In a conventional setup, web browsers and the USB stack (to which the U2F token is connected) are all running in the same monolithic OS. Since the U2F model assumes that the browser is trustworthy, any browser in the OS is able to access any key stored on the U2F token. The user has no way to know which keys have been accessed by which browsers for which services. If any of the browsers are compromised, it should be assumed that all of the token’s keys have been compromised. (This problem can be mitigated, however, if the U2F device has a special display to show the user what’s being authenticated.) Moreover, since the USB stack is in the same monolithic OS, the system is vulnerable to attacks like BadUSB.

In Qubes OS, by contrast, it is possible to securely compartmentalise the browser in one qube and the USB stack in another so that they are always kept separate from each other. The Qubes U2F Proxy then allows the token connected to the USB stack in one qube to communicate with the browser in a separate qube. We operate under the assumption that the USB stack is untrusted from the point of view of the browser and also that the browser is not to be trusted blindly by the token. Therefore, the token is never in the same qube as the browser. Our proxy forwards only the data necessary to actually perform the authentication, leaving all unnecessary data out, so it won’t become a vector of attack. This is depicted in the diagram below (click for full size).

Qubes U2F Proxy diagram

The Qubes U2F Proxy has two parts: the frontend and the backend. The frontend runs in the same qube as the browser and presents a fake USB-like HID device using uhid. The backend runs in sys-usb and behaves like a browser. This is done using the u2flib_host reference library. All of our code was written in Python. The standard qrexec policy is responsible for directing calls to the appropriate domains.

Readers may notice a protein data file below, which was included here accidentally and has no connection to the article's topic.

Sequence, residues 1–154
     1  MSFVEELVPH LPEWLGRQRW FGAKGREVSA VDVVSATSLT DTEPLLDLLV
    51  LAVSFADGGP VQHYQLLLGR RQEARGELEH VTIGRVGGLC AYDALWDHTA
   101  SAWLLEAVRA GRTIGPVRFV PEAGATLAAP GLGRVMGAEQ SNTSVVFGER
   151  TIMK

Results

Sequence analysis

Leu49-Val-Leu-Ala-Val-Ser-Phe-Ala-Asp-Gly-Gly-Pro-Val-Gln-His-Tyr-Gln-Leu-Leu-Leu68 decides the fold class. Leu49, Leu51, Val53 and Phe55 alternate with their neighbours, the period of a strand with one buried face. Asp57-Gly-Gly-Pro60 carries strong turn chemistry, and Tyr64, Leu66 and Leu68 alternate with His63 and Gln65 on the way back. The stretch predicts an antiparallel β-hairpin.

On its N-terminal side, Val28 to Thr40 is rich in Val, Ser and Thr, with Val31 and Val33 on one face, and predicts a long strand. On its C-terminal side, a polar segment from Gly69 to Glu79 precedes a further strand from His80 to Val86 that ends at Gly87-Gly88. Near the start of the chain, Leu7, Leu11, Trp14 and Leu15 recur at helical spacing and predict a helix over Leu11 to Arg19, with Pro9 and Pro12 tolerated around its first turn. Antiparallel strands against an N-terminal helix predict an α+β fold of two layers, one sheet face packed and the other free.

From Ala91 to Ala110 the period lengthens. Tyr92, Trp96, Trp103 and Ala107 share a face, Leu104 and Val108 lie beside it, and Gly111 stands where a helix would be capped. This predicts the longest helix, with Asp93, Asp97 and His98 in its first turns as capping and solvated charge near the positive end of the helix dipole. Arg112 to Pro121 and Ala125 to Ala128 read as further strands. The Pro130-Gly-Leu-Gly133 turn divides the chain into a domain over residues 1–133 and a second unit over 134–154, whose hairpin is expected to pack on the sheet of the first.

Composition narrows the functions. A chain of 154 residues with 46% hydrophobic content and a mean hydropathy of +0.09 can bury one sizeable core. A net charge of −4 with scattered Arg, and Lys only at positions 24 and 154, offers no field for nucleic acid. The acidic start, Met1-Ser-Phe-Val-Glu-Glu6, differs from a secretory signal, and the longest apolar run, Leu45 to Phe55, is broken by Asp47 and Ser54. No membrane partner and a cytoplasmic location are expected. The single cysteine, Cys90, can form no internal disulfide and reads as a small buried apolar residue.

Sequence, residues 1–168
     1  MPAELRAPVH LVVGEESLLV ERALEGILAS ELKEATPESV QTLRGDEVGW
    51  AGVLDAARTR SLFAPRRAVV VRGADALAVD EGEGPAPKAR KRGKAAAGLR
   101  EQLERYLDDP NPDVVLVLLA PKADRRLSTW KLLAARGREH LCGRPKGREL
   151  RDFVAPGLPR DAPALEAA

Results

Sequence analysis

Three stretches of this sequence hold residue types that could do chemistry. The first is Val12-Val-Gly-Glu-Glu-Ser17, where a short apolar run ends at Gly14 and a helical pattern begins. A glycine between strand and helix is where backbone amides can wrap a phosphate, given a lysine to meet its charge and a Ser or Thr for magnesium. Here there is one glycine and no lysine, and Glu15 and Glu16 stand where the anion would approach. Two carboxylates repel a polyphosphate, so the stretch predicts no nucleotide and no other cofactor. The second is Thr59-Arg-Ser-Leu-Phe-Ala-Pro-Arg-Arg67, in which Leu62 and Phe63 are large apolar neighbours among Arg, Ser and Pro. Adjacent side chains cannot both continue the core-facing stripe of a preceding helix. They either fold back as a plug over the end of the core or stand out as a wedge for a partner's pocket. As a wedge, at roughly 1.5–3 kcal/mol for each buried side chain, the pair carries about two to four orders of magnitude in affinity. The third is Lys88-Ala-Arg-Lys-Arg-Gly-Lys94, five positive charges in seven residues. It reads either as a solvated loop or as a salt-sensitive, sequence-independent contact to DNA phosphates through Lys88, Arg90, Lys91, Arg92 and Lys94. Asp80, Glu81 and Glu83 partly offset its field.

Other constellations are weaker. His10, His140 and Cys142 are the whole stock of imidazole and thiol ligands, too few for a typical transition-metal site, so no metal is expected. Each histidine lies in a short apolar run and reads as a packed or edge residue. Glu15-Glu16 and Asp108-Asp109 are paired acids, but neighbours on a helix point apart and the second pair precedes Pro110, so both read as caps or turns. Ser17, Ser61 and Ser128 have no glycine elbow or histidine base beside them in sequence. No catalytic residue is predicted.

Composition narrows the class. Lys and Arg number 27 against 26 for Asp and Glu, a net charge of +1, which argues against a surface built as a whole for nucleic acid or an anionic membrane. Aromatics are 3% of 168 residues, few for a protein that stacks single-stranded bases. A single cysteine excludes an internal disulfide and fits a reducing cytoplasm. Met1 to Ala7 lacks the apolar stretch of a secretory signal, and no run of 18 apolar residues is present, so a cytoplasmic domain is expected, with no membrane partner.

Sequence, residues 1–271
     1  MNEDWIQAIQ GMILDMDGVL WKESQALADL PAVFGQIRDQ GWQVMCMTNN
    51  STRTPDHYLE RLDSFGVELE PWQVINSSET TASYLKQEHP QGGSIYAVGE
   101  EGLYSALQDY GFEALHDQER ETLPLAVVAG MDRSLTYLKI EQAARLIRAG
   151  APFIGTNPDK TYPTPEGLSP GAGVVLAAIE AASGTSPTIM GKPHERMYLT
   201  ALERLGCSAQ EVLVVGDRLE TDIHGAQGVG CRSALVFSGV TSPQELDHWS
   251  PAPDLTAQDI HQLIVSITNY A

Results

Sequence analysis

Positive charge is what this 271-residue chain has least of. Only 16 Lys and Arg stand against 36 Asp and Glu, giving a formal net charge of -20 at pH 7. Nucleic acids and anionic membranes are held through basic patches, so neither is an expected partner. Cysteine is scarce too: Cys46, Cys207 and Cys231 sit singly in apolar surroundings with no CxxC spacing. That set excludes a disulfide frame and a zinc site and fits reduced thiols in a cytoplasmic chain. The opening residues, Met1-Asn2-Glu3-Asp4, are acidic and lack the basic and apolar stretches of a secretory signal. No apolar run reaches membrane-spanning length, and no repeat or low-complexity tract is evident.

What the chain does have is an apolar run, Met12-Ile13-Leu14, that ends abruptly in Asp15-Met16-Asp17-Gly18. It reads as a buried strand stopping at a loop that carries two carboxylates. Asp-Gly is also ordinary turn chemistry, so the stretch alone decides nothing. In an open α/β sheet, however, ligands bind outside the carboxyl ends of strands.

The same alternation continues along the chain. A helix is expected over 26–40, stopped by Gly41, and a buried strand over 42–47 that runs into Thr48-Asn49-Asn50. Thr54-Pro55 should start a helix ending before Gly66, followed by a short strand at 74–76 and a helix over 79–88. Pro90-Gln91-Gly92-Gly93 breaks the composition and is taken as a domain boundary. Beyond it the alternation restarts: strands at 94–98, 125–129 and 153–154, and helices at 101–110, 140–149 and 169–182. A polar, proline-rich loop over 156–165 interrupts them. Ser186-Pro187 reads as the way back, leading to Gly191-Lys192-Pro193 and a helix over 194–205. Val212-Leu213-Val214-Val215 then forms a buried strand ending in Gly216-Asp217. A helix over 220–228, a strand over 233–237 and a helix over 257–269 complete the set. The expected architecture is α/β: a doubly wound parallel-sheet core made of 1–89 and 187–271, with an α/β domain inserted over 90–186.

The vault qube with a dashed line in the bottom portion of the diagram depicts future work in which we plan to implement the Qubes U2F Proxy with a software token in an isolated qube rather than a physical hardware token. This is similar to the manner in which Split GPG allows us to emulate the smart card model without physical smart cards.

One very important assumption of U2F is that the browser verifies every request sent to the U2F token — in particular, that the web application sending an authentication request matches the application that would be authenticated by answering that request (in order to prevent, e.g., a phishing site from sending an authentication request for your bank’s site). With the WebUSB feature in Chrome, however, a malicious website can bypass this safeguard by connecting directly to the token instead of using the browser’s U2F API.